We, the undersigned legal scholars, have concluded that President Trump engaged in impeachable conduct.
We do not reach this conclusion lightly. The Founders did not make impeachment available for disagreements over policy, even profound ones, nor for extreme distaste for the manner in which the President executes his office. Only “Treason, Bribery, or other high Crimes and Misdemeanors” warrant impeachment. But there is overwhelming evidence that President Trump betrayed his oath of office by seeking to use presidential power to pressure a foreign government to help him distort an American election, for his personal and political benefit, at the direct expense of national security interests as determined by Congress. His conduct is precisely the type of threat to our democracy that the Founders feared when they included the remedy of impeachment in the Constitution.
We take no position on whether the President committed a crime. But conduct need not be criminal to be impeachable. The standard here is constitutional; it does not depend on what Congress has chosen to criminalize.
Impeachment is a remedy for grave abuses of the public trust. The two specific bases for impeachment named in the Constitution — treason and bribery — involve such abuses because they include conduct undertaken not in the “faithful execution” of public office that the Constitution requires, but instead for personal gain (bribery) or to benefit a foreign enemy (treason).
Impeachment is an especially essential remedy for conduct that corrupts elections. The primary check on presidents is political: if a president behaves poorly, voters can punish him or his party at the polls. A president who corrupts the system of elections seeks to place himself beyond the reach of this political check. At the Constitutional Convention, George Mason described impeachable offenses as “attempts to subvert the constitution.” Corrupting elections subverts the process by which the Constitution makes the president democratically accountable. Put simply, if a President cheats in his effort at re-election, trusting the democratic process to serve as a check through that election is no remedy at all. That is what impeachment is for.
Moreover, the Founders were keenly concerned with the possibility of corruption in the president’s relationships with foreign governments. That is why they prohibited the president from accepting anything of value from foreign governments without Congress’s consent. The same concern drove their thinking on impeachment. James Madison noted that Congress must be able to remove the president between elections lest there be no remedy if a president betrayed the public trust in dealings with foreign powers.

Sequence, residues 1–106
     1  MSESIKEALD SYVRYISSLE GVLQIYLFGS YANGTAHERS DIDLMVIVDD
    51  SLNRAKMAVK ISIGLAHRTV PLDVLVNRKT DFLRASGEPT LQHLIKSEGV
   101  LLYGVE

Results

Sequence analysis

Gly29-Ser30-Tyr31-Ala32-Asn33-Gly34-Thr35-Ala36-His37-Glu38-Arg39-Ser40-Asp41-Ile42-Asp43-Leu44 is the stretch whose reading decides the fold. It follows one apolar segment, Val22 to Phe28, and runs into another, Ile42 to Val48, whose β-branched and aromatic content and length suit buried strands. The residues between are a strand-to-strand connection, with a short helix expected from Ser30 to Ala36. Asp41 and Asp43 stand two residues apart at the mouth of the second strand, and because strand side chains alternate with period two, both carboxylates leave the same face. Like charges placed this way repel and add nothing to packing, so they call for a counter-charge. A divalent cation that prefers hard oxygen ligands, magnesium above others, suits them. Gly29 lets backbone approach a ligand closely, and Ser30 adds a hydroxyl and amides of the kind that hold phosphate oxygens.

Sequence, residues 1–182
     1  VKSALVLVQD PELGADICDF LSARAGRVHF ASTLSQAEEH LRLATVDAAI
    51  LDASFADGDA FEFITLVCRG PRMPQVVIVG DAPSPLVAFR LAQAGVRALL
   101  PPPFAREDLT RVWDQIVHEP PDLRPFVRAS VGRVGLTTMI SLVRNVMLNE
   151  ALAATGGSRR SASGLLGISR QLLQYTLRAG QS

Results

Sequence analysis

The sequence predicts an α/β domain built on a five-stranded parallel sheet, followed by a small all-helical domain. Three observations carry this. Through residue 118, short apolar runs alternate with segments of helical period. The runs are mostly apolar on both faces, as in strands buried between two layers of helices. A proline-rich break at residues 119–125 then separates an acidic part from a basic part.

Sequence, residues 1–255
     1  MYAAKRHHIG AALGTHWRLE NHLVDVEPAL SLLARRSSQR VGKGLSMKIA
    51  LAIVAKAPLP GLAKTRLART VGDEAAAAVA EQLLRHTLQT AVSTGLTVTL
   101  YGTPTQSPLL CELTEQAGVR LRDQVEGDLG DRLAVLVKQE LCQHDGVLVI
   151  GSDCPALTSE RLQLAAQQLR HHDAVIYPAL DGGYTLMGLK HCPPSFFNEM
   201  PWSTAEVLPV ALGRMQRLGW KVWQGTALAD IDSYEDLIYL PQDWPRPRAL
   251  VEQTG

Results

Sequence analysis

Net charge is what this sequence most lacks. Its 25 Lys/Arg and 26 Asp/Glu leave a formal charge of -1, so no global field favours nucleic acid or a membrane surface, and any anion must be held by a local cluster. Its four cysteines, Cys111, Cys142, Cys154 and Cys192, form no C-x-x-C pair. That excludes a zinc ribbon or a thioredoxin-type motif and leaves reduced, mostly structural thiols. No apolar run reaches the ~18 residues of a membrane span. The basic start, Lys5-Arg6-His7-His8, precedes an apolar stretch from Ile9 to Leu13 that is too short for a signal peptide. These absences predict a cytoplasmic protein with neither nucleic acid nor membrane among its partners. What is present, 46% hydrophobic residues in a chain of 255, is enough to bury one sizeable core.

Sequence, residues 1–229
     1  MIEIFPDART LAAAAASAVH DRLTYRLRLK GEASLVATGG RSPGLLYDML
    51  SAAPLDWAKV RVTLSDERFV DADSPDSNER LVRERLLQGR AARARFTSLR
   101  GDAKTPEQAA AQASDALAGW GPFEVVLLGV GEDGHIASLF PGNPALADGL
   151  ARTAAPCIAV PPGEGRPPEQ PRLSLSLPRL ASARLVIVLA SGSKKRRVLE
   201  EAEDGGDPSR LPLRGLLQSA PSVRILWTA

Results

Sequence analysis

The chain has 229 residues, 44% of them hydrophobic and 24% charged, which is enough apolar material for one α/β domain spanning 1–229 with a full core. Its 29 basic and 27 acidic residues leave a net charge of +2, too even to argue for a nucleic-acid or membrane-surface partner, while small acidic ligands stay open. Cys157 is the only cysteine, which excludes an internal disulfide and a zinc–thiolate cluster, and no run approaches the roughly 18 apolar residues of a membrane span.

In light of these considerations, overwhelming evidence made public to date forces us to conclude that President Trump engaged in impeachable conduct. To mention only a few of those facts: William B. Taylor, who leads the U.S. embassy in Ukraine, testified that President Trump directed the withholding of hundreds of millions of dollars in military aid for Ukraine in its struggle against Russia — aid that Congress determined to be in the U.S. national security interest — until Ukraine announced investigations that would aid the President’s re-election campaign. Ambassador Gordon Sondland testified that the President made a White House visit for the Ukrainian president conditional on public announcement of those investigations. In a phone call with the Ukrainian president, President Trump asked for a “favor” in the form of a foreign government investigation of a U.S. citizen who is his political rival. President Trump and his Chief of Staff Mick Mulvaney made public statements confirming this use of governmental power to solicit investigations that would aid the President’s personal political interests. The President made clear that his private attorney, Rudy Giuliani, was central to efforts to spur Ukrainian investigations, and Mr. Giuliani confirmed that his efforts were in service of President Trump’s private interests.
Ultimately, whether to impeach the President and remove him from office depends on judgments that the Constitution leaves to Congress. But if the House of Representatives impeached the President for the conduct described here and the Senate voted to remove him, they would be acting well within their constitutional powers. Whether President Trump’s conduct is classified as bribery, as a high crime or misdemeanor, or as both, it is clearly impeachable under our Constitution.
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